Anyone who’s seen a system infected by a rogue security program doesn’t need to be told how annoying they can be, as they attempt to scare, threaten, cajole, hector, harangue, pester, aggravate, intimidate, badger, harass and generally nag* the user into paying to register the fake software. And even among rogues, there are few that are quite as annoying as Win32/FakeScanti, which is this month’s addition to the Malicious Software Removal Tool (MSRT).

*I realize I’m being more than a little repetitive here.  But this still pales in comparison to how repetitive your average rogue can get.

We first saw a variant of Win32/FakeScanti back in early March of this year, when it went by the name of ASC Antivirus. There was then very little activity on the FakeScanti front until late July, when we noticed a file, which we detect as TrojanDownloader:Win32/FakeScanti, downloading a new version of the scanner going by the name of Windows Antivirus Pro. This version was proactively detected by the signatures added in March. Since then there has been a steady stream of new files, but only one name change, to Windows Police Pro. Apart from the name change, the user interface, and even the list of alleged “malware” detected by this rogue, has remained identical:

FakeScanti has your usual grab bag of popups, system tray balloons, and dialog boxes (and there are many examples of these in our Win32/FakeScanti description) all reporting malicious activity, and recommending that the reported threats be removed. Of course, if you want this to happen, then naturally you have to pay:

These popups tend to pile up on the screen at a rapid rate, and dismissing any one of these results in the confirmation dialog below, which also needs to be closed. Notice how the placement of the Purchase and Continue buttons is swapped compared to the dialog above.

 

Win32/FakeScanti also uses a number of other tricks common to many other rogues, such as the display of a fake version of the Windows Security Center, or blocking access to certain web sites:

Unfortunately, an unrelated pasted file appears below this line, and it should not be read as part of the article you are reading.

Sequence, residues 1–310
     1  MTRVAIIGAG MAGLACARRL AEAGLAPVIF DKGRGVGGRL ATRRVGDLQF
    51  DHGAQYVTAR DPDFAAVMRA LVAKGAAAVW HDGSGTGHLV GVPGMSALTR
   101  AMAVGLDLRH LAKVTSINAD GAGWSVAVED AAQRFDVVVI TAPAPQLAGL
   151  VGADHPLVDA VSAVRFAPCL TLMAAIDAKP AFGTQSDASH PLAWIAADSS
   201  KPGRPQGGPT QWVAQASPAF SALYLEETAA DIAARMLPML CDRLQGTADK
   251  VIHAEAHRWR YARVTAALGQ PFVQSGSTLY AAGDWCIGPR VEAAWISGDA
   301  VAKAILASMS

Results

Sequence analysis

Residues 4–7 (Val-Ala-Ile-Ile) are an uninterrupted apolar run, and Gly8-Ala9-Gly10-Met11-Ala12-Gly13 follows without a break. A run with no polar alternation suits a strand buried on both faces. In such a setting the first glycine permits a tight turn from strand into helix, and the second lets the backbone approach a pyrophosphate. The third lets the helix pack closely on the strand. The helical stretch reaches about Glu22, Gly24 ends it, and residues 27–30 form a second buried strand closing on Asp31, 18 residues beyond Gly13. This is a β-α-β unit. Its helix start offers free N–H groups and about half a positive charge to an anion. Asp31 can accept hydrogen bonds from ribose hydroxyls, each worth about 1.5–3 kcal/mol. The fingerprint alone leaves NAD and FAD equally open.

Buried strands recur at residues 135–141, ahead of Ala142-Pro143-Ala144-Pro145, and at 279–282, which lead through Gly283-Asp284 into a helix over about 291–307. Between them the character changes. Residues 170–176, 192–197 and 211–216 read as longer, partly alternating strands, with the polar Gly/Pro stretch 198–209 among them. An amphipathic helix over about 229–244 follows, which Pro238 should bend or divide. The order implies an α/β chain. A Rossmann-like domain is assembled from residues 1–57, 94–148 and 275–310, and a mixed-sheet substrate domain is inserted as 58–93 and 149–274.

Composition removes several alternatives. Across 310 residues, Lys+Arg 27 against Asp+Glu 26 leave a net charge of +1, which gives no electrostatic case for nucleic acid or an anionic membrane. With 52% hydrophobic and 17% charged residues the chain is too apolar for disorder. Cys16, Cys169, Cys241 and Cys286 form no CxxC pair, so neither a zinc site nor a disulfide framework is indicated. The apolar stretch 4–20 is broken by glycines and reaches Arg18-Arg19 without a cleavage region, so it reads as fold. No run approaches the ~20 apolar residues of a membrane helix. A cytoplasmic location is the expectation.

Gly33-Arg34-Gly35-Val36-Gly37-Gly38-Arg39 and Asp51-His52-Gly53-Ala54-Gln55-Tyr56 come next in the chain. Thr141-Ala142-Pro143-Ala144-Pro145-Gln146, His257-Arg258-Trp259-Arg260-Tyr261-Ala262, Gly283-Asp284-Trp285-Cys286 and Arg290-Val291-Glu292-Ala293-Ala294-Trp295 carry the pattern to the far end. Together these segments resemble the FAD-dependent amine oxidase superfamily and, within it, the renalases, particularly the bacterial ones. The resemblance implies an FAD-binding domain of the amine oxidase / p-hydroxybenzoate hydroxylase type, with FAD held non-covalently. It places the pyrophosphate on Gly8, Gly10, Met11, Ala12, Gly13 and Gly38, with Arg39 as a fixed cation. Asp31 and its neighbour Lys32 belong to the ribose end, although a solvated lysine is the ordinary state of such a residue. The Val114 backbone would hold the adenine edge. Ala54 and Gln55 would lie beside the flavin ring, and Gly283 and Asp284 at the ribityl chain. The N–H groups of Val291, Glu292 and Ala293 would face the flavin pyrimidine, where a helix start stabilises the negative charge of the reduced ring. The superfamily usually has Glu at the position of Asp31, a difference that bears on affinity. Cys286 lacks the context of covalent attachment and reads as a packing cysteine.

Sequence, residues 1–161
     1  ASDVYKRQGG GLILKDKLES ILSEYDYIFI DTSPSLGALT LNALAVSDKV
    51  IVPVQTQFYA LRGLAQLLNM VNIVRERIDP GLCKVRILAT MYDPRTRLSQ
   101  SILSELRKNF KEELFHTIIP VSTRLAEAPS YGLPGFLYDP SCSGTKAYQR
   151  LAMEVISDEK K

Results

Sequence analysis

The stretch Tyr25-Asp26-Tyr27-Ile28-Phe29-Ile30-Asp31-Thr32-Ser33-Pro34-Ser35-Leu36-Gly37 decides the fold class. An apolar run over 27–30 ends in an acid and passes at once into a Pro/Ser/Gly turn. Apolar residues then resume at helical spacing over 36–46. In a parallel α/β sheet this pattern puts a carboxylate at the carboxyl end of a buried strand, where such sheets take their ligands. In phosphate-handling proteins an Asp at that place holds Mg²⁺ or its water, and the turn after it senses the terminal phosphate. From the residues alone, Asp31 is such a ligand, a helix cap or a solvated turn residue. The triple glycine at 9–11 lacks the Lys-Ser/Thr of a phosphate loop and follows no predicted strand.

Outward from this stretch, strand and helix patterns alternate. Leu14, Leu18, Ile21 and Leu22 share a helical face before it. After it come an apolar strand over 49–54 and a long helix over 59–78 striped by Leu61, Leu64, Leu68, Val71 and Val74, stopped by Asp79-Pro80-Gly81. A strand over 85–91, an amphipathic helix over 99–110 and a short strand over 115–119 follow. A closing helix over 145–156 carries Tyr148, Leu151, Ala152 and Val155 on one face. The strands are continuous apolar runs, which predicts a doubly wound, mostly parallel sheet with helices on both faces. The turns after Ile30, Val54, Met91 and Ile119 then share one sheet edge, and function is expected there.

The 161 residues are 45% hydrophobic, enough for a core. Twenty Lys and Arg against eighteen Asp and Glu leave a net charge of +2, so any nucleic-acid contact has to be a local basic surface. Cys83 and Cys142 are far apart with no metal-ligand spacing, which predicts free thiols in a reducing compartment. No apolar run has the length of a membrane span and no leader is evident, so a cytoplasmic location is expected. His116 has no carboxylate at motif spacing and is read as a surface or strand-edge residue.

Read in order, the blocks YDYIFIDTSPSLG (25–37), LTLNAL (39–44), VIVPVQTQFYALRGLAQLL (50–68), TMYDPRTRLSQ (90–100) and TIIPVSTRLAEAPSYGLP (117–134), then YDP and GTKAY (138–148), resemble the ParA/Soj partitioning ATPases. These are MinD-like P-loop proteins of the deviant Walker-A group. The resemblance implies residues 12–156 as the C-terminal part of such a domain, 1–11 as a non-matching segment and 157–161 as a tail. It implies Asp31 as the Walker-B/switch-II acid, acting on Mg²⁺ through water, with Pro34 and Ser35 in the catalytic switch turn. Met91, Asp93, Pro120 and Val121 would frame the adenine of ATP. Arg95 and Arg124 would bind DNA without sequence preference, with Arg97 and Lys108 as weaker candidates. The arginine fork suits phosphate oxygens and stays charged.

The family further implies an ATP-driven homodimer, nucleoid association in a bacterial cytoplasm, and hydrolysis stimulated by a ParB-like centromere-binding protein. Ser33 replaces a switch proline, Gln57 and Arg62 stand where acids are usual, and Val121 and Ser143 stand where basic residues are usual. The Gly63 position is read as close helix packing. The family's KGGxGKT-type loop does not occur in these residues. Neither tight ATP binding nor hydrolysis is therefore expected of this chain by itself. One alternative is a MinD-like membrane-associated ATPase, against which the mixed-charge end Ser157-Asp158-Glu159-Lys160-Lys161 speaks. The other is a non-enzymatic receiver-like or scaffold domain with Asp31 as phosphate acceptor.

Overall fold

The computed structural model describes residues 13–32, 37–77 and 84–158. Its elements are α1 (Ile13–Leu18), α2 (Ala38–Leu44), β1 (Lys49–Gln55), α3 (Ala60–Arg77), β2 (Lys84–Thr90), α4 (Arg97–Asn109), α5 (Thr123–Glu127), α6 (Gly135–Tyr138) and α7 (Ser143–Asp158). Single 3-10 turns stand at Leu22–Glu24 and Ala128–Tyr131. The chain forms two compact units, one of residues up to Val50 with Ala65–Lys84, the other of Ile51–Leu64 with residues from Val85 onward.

It uses a number of other methods in an attempt to convince users that the system is infected. These include:

  • Periodically rebooting the system
  • Preventing other executables from running

It does this by associating the .exe extension with desot.exe, one of the files installed by Win32/FakeScanti. As a result, when an attempt is made to run one of these files, the filename is passed to desot.exe, which will decide whether it is allowed to run, and display a message box such as the one above if not.

  • Using Active Desktop to place text on the desktop background

  • Displaying error messages which resemble the “Dr Watson” Windows system error dialog

The “Fix it” button launches the fake scanner. The other buttons do not do anything.

As we've mentioned before, if you're concerned about the veracity or legitimacy of a particular antivirus scanner, it's a good idea to check if the product in question has received any industry-recognized certification. Virus Bulletin VB100 is a good place to start, but there are other industry-recognized testing and certification bodies that are good for this kind of verification. If you're looking for security software for your computer, you could also visit http://www.microsoft.com/windows/antivirus-partners for a list of security software providers.

If you believe you are infected, we encourage you to use the Windows Live OneCare safety scanner to check your PC for malware and to help remove them from your system.  In addition we encourage you to submit any suspicious files to the MMPC team for analysis. If you don’t already have active, up-to-date Anti-malware protection remember that our new security product - Microsoft Security Essentials – runs quietly in the background and never asks you for payment.

--David Wood